They are mostly behind the tires.

They are on very solid. Removed 6 OEM Rivets and used 6 supplied ones. The OEM ones are just to short. Removed two OEM bolts and replaced with same both in the rear.
Drilled two pilot holes at the top for fronts.

I just tested efficiency. Essentially no change (@65 mph).

I do a 30 mile test loop with HVAC off.
Pure highway. Same test I used comparing tires and got the same result.

Might see bigger differences at higher speeds.

Back of Front Flap



Front of Front Flap



Front of Rear Flap



Back of Back flap



Front view of Front flap installed


Rear View Front Flap installed


Rear view of Rear flap installed


Front view of rear flap installed


Rear View of Rear Flap installed (that is not a gap, just a reflection).


Rear flap from bottom installed using existing bolt


Front flap while installing showing the one pilot hole (into plastic wheel well)


Rear view installed both.
Don't blink you might not notice them on Midnight Silver



Front View both installed



View to show how much they stick out.



Another view showing how much they stick out



In my opinion they make the car look beefier/wider looking stance from the rear.



This picture shows precise they fit, incredible.

 
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mswlogo

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#77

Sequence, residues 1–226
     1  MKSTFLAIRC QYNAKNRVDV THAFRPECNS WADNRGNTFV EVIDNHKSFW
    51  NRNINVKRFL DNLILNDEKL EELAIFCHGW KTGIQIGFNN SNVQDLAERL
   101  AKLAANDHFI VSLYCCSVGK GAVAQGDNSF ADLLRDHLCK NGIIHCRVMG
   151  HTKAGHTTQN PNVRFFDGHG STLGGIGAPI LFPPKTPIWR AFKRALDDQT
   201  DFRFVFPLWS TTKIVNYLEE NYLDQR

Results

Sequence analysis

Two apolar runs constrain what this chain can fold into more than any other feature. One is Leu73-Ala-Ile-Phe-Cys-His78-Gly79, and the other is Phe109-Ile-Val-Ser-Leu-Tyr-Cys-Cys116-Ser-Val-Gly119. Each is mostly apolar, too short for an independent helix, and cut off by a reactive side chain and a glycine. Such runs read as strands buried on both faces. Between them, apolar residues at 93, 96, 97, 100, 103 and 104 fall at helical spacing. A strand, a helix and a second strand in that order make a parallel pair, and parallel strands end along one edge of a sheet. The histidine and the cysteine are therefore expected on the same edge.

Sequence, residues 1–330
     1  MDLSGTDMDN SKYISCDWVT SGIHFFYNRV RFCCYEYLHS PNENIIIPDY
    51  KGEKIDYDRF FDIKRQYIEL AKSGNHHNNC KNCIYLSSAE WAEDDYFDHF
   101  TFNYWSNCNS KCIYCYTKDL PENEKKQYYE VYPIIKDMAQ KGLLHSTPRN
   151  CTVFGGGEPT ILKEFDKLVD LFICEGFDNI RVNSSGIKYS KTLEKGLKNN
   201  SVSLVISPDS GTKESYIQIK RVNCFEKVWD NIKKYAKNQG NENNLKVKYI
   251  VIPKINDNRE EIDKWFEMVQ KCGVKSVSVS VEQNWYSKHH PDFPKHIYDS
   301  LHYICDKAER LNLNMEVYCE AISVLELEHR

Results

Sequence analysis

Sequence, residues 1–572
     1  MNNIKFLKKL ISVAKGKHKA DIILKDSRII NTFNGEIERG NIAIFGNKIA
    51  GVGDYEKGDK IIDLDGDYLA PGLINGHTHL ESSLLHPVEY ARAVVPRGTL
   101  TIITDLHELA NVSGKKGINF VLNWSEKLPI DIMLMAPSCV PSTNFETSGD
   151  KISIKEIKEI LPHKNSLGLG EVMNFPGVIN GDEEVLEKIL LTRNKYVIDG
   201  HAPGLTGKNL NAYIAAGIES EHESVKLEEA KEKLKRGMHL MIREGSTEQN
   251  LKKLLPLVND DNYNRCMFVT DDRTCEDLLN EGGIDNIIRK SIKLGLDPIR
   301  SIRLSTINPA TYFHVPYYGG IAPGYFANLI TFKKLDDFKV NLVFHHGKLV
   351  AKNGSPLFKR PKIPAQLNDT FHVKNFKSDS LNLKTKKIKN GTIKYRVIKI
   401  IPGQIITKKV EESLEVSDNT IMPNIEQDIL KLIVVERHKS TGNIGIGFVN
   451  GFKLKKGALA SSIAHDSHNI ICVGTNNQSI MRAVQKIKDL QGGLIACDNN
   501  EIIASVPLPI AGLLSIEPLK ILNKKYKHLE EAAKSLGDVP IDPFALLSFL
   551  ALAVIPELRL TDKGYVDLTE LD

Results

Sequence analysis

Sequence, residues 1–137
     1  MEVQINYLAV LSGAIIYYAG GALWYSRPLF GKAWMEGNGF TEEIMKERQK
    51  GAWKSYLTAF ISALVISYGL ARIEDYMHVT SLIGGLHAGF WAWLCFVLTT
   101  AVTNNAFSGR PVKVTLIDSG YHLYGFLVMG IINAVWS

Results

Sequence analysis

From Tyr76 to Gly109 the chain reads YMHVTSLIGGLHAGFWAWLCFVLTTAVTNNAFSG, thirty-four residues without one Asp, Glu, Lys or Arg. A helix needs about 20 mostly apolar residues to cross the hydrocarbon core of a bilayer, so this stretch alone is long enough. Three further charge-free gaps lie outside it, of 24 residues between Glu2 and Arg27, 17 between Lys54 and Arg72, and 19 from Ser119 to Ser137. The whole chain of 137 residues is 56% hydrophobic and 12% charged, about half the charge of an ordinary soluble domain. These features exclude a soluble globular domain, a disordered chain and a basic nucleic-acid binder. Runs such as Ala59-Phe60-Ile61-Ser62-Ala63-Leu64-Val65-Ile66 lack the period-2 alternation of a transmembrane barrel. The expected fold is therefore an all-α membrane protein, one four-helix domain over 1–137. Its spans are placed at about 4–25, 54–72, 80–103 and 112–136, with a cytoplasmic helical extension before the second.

I updated my post above with them installed and a boat load of pictures. So far I love them.
 

garsh

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#78
Be careful with mudflaps that lay against the body like that. All the little grains of sand and salt and rock particles get stuck in there and wear away the paint in those areas.
 

tesla m3

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#79
Good thing I already had ppf covering those areas, so the mud flaps won't touch paint.

I bought the $39 kit off amazon from the 3rd party reseller and it looks identical to all the other ones of this style. Install was super easy. I swapped tires while I did it, but you should be able to install without removing tires off the car.

signal-attachment-jpeg.28050
 

mswlogo

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#80
Be careful with mudflaps that lay against the body like that. All the little grains of sand and salt and rock particles get stuck in there and wear away the paint in those areas.
I’ve had that style for half a dozen cars for decades and no problem.

These are not flat against the body like some. The only contact point to the body is what you see. I was set to put PPF and decided it was not needed and would only look worse. Someone did that on the other forum and I didn’t like it (seeing edge of PPF patch). These look clean and I don’t plan on removing them. Unless it’s a huge hit on efficiency. Might do my 30 mile loop test loop tonight that I used for testing tires. Like to test with HVAC off. .